The Advantages and Disadvantages of RAID 10

RAID 10, sometimes known as RAID 1+0, combines the mirroring of RAID 1 with the striping of RAID 0, offering a great solution for high-performance environments that need that added security.

We’ve recently written an article on how RAID 0 and RAID 1 differ, and what the advantages and disadvantages of both RAID levels are – but it’s worth going over the basics here. RAID 0, also known as ‘striping’, turns two or more hard disk drives into one single drive with a higher capacity and greater speeds. A RAID 0 array is essentially a sum of its parts; an array with two 3TB HDDs gives you a storage unit with 6TB of space, and double the number of read/write heads. RAID 0 is perhaps the purest form of RAID. The major disadvantage of RAID 0 is that because your data is striped across both or all disks in the array, if one drive fails, you lose your data, and it must be repaired before the data is accessible again. The more drives in a RAID 0 array, the greater the chance of failure, which is why RAID 0 arrays are generally limited to two hard drives.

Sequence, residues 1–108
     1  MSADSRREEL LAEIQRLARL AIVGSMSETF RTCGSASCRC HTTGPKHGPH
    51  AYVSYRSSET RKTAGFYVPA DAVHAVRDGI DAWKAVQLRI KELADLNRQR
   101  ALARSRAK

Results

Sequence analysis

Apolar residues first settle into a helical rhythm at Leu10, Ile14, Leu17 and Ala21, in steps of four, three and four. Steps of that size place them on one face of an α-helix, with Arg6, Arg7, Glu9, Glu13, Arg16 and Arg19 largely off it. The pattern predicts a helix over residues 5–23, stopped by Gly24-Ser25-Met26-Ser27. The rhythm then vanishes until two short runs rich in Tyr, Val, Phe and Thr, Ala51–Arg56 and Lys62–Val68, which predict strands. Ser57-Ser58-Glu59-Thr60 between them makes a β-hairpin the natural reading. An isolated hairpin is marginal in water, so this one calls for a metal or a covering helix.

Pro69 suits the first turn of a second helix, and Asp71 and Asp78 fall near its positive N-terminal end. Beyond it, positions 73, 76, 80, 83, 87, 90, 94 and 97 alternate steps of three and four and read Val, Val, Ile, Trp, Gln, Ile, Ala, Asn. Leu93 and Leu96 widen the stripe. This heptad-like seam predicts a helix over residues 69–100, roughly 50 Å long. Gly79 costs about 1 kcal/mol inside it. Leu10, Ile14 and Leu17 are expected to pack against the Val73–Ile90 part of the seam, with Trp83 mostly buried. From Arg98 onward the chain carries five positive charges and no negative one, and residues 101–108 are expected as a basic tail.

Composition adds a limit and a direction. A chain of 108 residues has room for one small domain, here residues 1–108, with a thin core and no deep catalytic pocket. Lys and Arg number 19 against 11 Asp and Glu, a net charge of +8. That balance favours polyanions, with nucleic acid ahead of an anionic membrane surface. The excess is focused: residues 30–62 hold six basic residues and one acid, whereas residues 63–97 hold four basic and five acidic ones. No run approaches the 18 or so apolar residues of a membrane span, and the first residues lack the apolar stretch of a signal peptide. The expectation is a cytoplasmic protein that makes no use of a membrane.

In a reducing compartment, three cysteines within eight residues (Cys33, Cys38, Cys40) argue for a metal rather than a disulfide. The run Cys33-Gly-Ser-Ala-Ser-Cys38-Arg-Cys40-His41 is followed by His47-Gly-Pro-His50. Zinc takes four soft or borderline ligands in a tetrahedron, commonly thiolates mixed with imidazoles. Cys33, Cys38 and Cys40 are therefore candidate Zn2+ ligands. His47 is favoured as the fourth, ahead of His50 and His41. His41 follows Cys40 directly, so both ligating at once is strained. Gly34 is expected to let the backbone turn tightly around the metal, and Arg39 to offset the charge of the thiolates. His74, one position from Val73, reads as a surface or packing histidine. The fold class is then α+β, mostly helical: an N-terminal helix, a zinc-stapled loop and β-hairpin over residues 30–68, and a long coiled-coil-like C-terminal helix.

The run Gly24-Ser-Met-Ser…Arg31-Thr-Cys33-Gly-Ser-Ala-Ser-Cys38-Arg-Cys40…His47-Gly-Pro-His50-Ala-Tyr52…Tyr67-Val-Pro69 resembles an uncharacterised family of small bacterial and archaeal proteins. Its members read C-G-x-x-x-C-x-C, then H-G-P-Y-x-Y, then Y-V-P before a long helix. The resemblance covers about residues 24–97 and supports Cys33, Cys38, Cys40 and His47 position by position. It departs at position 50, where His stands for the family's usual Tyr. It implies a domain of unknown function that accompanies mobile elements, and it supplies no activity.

RAID 1, or ‘mirroring’, offers redundancy, due to data being mirrored across all drives in the array. In addition, read speeds are faster due to all read/write heads being in operation, but write speeds are slower due to the data being written across all drives. The major downside of a RAID 1 array is that it only has the storage capacity of one drive, since each drive contains an identical copy of the data.

RAID 10/1+0 combines the mirroring of RAID 1 with the striping of RAID 0, and is best suited for environments which require high performance and security. RAID 10 requires a minimum of four hard disk drives, and data is striped across mirrored pairs. RAID 10 is fast, since data can be read and written to different drives simultaneously. Additionally, as long as one disk in each mirrored pair is operational, no data will be lost. There are two main disadvantages of RAID 10, however. Firstly, because data is mirrored, only 50% of the total storage capacity is usable. Secondly, if two drives in the same mirrored pair fail, then data will be lost. RAID 10 is also more expensive than other RAID levels, like RAID 0, 1 and 5. However, what RAID 10 does offer is improved performance, a high read/write rate, and data redundancy. It offers the combined benefits of RAID 1 and RAID 0 – with some of the pitfalls, too.

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